by Eugene Lim
Published 2017 by FSG Originals
$14.00 paperback ISBN 978-0374537111
By Noah Sanders
If you’ve ever spent a single moment in a writing class, you’ll have probably heard the one platitude that seems to stretch throughout all: “Show, don’t tell.” It is, of course, the idea that in writing, you should trust your reader’s intelligence enough to just dump the guts of your book—its theme, its character development, its narrative arc—directly on to the page. Instead, authors, to varying degrees of success, bury their ledes in symbolism and plot and the interactions of their characters through dialogue in the hope that their readers will be experienced enough to find, or decipher, meaning within.
Dear Cyborgs, the experimental work of science fiction by Eugene Lim, holds to this maxim with a death-like grip. Lim’s short, sometimes satisfying, novel is a nesting doll of vignettes, both broadly science-fiction and emotionally intimate. There are definite themes to which Lim is addressing—art, revolution, the concept of invisibility—and in various forms they make themselves known, but the author’s means of delivering these themes is so abstract, reading Dear Cyborgs becomes a chore of literary detection. We, as readers, are tasked at so many times—with so many characters and plot points—to, well, figure out just who’s who and what’s what, that the themes Lim has artfully buried become overly difficult to identify.
To describe the plot of Dear Cyborgs—a scant 163 pages—isn’t an easy task. There are four main narrative lines as the book begins: two childhood friends lose contact, a group of four friends meet nightly to discuss the philosophical bends of their lives, a super spy meets the same villainous woman over and over again, and this same villainous woman abandons her family to try and find meaning in her own life. Dissecting the philosophical meanderings of any of the four main plot-lines (not to say the smaller, stories-within-stories that comprise each of them) is a task within itself. His quartet of artists-cum-philosophers are the most blatant in their philosophical noodling—their conversations act as reflections and prompt for the ideas in the more opaque sections—but even within them, Lim seems reticent to just lay out what he’s trying to say. One character, speaking of another character’s decision to use fast food chains as her place of meditation, speaks to the shortcomings of doing just that, nicely summing up a bigger idea in the book: that just existing within the corrupt means of society might not actually be that bad. “Maybe Muriel,” he says, “should use [these shortcomings] to proceed with her own desires—at least those desires that she can somehow maintain as her desires, as somehow independent and free and not deformed by these humiliations and degradations.” The response from the listeners is an awkward silence, as if the author himself, suddenly aware of laying his own cards out on the table, can’t fathom the possibility.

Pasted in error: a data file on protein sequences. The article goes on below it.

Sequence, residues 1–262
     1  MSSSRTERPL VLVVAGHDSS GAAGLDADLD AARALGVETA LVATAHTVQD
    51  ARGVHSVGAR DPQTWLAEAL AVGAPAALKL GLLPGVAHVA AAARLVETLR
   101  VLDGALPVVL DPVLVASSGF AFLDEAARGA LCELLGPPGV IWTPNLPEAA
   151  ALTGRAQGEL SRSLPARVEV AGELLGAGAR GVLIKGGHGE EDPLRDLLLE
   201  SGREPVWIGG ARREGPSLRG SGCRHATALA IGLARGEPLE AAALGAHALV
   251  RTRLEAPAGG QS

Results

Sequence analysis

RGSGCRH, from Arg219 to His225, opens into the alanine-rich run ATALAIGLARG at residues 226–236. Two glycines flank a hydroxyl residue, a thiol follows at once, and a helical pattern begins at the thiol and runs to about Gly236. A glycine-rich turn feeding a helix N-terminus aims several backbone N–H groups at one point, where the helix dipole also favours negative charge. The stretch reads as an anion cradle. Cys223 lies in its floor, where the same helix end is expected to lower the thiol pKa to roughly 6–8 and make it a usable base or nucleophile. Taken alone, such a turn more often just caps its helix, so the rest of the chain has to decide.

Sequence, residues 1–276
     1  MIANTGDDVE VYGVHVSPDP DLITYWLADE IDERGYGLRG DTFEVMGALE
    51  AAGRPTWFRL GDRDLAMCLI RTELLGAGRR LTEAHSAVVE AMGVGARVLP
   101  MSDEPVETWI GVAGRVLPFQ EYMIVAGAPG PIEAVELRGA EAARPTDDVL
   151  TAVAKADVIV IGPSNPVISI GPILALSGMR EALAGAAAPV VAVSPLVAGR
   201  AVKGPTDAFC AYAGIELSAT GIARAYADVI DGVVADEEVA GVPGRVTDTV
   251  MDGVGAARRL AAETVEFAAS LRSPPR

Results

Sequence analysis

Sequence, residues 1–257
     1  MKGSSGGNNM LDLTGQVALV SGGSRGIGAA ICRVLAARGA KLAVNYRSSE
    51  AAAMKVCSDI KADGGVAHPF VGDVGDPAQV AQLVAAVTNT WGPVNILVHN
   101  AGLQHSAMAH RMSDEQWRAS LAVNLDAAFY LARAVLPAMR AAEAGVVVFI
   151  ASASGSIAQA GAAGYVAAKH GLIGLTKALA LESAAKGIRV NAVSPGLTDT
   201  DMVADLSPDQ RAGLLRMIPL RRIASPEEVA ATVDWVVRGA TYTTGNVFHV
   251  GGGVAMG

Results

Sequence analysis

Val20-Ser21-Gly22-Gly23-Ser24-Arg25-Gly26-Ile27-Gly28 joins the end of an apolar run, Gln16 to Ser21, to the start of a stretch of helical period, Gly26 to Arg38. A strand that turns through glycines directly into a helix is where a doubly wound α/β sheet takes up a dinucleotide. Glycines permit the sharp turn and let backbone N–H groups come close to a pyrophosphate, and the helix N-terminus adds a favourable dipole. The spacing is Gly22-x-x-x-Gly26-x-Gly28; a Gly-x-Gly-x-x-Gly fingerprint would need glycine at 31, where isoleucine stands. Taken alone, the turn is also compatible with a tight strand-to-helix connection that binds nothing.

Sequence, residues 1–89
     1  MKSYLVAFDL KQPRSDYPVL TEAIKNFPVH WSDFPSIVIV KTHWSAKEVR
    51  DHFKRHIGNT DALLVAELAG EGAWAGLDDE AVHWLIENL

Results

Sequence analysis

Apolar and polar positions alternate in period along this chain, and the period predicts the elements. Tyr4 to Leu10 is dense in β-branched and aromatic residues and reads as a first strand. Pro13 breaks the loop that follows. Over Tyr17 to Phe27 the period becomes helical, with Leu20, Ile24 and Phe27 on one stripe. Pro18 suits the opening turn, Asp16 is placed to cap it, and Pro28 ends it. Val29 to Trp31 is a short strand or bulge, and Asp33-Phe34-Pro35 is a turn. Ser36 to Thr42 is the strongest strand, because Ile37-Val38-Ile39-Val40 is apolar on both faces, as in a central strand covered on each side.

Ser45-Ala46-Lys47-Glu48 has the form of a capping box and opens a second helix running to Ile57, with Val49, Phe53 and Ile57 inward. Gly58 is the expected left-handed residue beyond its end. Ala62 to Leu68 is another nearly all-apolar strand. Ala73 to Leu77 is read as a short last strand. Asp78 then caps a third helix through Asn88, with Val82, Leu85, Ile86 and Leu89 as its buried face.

It becomes frustrating, because Lim has written a book rife with interesting ideas. Each of his plot-lines run, somewhat, parallel to each other, all of them asking a similar question: what do we sacrifice for our art, for our own form of revolution? And Lim, in his own cryptic way, answers these questions, but the work to dig out these answers, dust them off and put them on the shelf, is too much. It’s a book that demands a second read—even a reading guide, if one was available—but finding your way down its labyrinthine path once, may be enough.
The final chapter of the book is the decoder ring for everything that’s come before. It’s Lim’s attempt to throw back the curtain, and show just how the magic trick was pulled off. And yes, it does clarify, somewhat, that there was method to Lim’s madness, but it doesn’t make the process of getting to that point any more enjoyable. And perhaps, this is exactly what Lim hoped, that by challenging his readers up to the very end, that his ideas would transcend his plot. That in writing a book about art and revolution and their limitations, he would have to create his own work of art with its own limitations. Perhaps an ‘enjoyable read’ isn’t what Lim was reaching for, instead, maybe, he wanted to craft something that somehow, as it exists on the periphery of genre, felt familiar enough for readers to want to decode, even if failure was the inevitable outcome. Regardless of what he intended, the book loses itself in its vagueness, the occasional burst of understanding a life-preserver to cling to as the reader hurtles forward. Sometimes, just sometimes, a little bit of telling, just makes the show a little more bearable.